Cinema of Serbia  

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Train wreck at Montparnasse (October 22, 1895) by Studio Lévy and Sons.
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Train wreck at Montparnasse (October 22, 1895) by Studio Lévy and Sons.

Serbia (both as an independent country and as part a part of former Yugoslavia) has been home to many internationally acclaimed films and directors.

Contents

Serbian theatre and cinema

Serbia has a well-established theatrical tradition with many theatres. The Serbian National Theatre was established in 1861 with its building dating from 1868. The company started performing opera from the end of the 19th century and the permanent opera was established in 1947. It established a ballet company.

Bitef, Belgrade International Theatre Festival, is one of the oldest theatre festivals in the world. New Theatre Tendencies is the constant subtitle of the Festival. Founded in 1967, Bitef has continually followed and supported the latest theater trends. It has become one of five most important and biggest European festivals. It has become one of the most significant culture institutions of Serbia.

The cinema was established reasonably early in Serbia with 12 films being produced before the start of World War II. The most notable of the prewar films was Mihail Popovic's The Battle of Kosovo in 1939.

Cinema prospered after World War II. The most notable postwar director was Dušan Makavejev who was internationally recognised for Love Affair: Or the Case of the Missing Switchboard Operator in 1969 focusing on Yugoslav politics. Makavejev's Montenegro was made in Sweden in 1981. Zoran Radmilović was one of the most notable actors of the postwar period.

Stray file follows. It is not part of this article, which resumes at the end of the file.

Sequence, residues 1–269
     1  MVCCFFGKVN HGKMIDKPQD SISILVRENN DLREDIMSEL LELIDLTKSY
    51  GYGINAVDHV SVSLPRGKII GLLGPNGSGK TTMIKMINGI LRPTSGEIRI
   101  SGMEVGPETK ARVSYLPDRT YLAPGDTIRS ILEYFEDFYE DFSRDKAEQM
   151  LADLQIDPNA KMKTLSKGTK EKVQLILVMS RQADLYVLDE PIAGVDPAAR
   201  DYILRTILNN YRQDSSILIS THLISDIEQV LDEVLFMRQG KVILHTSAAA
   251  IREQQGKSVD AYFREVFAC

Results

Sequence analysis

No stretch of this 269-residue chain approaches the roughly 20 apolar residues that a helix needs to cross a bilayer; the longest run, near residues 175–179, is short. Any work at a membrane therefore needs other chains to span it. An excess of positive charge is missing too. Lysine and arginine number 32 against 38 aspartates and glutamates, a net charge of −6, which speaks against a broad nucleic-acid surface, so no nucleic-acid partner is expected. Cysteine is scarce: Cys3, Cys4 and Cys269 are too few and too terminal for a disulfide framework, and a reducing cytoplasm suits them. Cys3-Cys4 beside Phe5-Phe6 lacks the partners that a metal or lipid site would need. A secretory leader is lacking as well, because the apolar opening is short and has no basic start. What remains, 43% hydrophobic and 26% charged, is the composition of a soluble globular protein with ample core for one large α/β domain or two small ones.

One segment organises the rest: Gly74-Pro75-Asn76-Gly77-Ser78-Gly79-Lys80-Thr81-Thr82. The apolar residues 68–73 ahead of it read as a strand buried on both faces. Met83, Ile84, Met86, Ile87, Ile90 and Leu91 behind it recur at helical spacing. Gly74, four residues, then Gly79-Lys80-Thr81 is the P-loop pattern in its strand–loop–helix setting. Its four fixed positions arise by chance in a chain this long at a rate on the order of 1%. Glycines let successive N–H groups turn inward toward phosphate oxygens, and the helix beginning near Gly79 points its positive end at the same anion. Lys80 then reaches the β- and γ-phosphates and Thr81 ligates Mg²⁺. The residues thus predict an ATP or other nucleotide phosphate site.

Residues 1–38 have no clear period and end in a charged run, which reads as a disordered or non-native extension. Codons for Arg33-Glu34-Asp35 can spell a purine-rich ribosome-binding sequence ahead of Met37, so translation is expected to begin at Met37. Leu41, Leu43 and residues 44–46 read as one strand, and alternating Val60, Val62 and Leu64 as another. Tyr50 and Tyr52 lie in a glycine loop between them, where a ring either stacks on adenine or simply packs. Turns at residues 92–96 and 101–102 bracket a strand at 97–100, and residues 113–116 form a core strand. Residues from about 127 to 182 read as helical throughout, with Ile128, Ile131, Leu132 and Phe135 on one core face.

Serbian cinema continued to make progress in the 1990s and today despite the turmoil of the 1990s. Emir Kusturica won two Golden Palms for Best Feature Film at the Cannes Film Festival, for When Father Was Away on Business in 1985 and then again for Underground in 1995. In 1998, Kusturica won a Silver Lion for directing Black Cat, White Cat.

As at 2001, there were 167 cinemas in Serbia (excluding Kosovo and Metohija) and over 4 million Serbs went to the cinema in that year. In 2005, San zimske noći (A Midwinter Night's Dream ) directed by Goran Paskaljević caused controversy over its criticism of Serbia's role in the Yugoslav wars in the 1990s.

History

Personalities this period

Notable contemporary Serbian cinema personalities

Actors

Some of the most notable Serbian actors:

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Directors

Famous Serbian Movies

Televisions

See also




Unless indicated otherwise, the text in this article is either based on Wikipedia article "Cinema of Serbia" or another language Wikipedia page thereof used under the terms of the GNU Free Documentation License; or on original research by Jahsonic and friends. See Art and Popular Culture's copyright notice.

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